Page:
If you enable fast startup, your computer doesn’t completely shut down. Instead, it enters a middle ground that combines a full shutdown with hibernation mode, saving the last machine state to enable you to start working straight away.
However, unlike full hibernation mode, when you return to Windows 10, it is like starting the machine from scratch. There are no windows open, and your previous applications are not open, and so on.
To disable Fast Startup:
- Type power set in your Start Menu search bar, then select Choose a power plan.
- Now, select Choose what the power buttons do, followed by Change settings that are currently unavailable.
- Uncheck Turn on fast start-up and hit Save changes.
Once disabled, restart your system and run it for a while. If your Kernel-Power errors are similar to mine, the error doesn’t always immediately replicate itself and can take a few days to return.
3. Reseat Your RAM and Graphics Card, and Check Your Power Cables
Some users report their Kernel-Power 41 error resolving after reseating their RAM and graphics card (GPU).
You’ll need to get inside the case of your PC or laptop to reseat the hardware. Please be aware that this will void your manufacturer’s warranty in certain cases, so proceed with caution.
While you have your PC case open, check the power cables and connectors joining your power supply unit and the motherboard. Your PC power supply cables should fit snugly in their port, and a loose connection could trigger the Kernel-Power error.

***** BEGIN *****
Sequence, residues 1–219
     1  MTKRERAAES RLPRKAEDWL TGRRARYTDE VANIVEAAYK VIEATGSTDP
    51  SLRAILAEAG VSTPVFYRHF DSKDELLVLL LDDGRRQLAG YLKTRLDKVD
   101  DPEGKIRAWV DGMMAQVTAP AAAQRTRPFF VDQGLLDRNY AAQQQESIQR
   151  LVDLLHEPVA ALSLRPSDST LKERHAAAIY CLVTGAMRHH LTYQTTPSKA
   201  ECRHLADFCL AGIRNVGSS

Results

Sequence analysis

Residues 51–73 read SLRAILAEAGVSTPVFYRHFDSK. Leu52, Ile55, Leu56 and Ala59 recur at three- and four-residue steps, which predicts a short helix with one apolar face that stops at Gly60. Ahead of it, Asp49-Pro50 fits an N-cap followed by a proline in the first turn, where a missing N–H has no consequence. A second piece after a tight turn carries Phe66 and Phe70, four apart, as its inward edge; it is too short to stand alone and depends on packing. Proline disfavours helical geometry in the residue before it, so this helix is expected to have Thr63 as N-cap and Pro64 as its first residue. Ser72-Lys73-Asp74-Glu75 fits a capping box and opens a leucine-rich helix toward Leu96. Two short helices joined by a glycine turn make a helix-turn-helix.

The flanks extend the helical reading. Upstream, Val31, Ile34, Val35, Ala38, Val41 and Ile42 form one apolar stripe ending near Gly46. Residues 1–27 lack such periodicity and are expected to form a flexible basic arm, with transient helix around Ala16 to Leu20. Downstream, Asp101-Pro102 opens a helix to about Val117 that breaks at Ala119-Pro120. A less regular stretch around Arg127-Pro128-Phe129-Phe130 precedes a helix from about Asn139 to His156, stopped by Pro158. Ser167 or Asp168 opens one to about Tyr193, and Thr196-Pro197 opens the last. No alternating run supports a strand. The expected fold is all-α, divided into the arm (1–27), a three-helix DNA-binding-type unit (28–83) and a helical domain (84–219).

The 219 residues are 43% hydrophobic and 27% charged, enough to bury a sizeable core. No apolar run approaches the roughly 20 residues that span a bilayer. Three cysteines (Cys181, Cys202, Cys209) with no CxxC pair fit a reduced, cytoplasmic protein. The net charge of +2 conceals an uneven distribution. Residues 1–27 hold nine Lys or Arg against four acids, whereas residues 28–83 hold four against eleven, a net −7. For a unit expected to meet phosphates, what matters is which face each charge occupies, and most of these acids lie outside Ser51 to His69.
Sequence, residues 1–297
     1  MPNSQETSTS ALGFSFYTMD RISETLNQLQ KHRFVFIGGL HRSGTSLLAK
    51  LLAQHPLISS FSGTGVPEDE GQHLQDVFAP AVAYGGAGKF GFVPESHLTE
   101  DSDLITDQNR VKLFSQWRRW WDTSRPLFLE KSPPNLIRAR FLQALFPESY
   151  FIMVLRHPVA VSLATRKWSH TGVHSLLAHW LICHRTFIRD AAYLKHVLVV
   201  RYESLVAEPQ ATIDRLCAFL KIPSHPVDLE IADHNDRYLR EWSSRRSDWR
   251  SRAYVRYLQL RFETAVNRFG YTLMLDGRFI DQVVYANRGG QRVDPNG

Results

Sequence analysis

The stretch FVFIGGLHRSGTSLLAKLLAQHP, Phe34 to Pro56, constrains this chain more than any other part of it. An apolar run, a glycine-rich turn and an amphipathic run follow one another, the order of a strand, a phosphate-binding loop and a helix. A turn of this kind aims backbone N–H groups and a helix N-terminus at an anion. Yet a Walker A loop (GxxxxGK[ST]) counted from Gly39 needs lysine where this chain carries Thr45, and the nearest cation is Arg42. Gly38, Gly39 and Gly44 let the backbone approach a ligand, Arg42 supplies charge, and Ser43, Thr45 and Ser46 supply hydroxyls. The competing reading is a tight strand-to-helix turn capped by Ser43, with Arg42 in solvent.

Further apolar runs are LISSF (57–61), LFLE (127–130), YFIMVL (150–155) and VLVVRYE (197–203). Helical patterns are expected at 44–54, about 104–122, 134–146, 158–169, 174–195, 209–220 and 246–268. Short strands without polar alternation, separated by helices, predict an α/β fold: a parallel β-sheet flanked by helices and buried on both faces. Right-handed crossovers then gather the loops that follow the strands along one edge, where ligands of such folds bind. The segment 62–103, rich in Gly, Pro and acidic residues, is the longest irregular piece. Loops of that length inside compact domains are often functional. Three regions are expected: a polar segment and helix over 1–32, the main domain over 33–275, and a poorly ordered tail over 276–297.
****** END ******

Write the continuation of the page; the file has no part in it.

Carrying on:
4. Test for Faulty PSU With OCCT
Testing for hardware faults with your power supply unit isn’t easy unless you have the correct hardware on hand. You can check your PSU using a multimeter or a dedicated PSU testing tool.
The majority of software-based PSU checking tools cannot deliver an accurate reading on whether your PSU is working correctly.
That said, if you do want to attempt a PSU software test, I would suggest using OCCT, a free CPU/GPU/PSU stress testing tool. OCCT stress tests your CPU, GPU, and motherboard and, in the process, can discover any faults with your power supply unit.
- Open OCCT.
- Under Test Configuration, select Power.
- Set the Instruction Set to Auto.
- Save any work and close any other open programs on your system.
- When ready, hit the big red play icon in OCCT to begin the stress test.
The OCCT developer states that “Most errors are detected within the first 5 minutes. However, I recommend doing at least a 1-hour long test just to be sure.”
Once the test completes, OCCT produces a log highlighting any potential PSU errors (or with other hardware!).
Download: OCCT for Windows (Free)
Try Another Power Supply Unit if Possible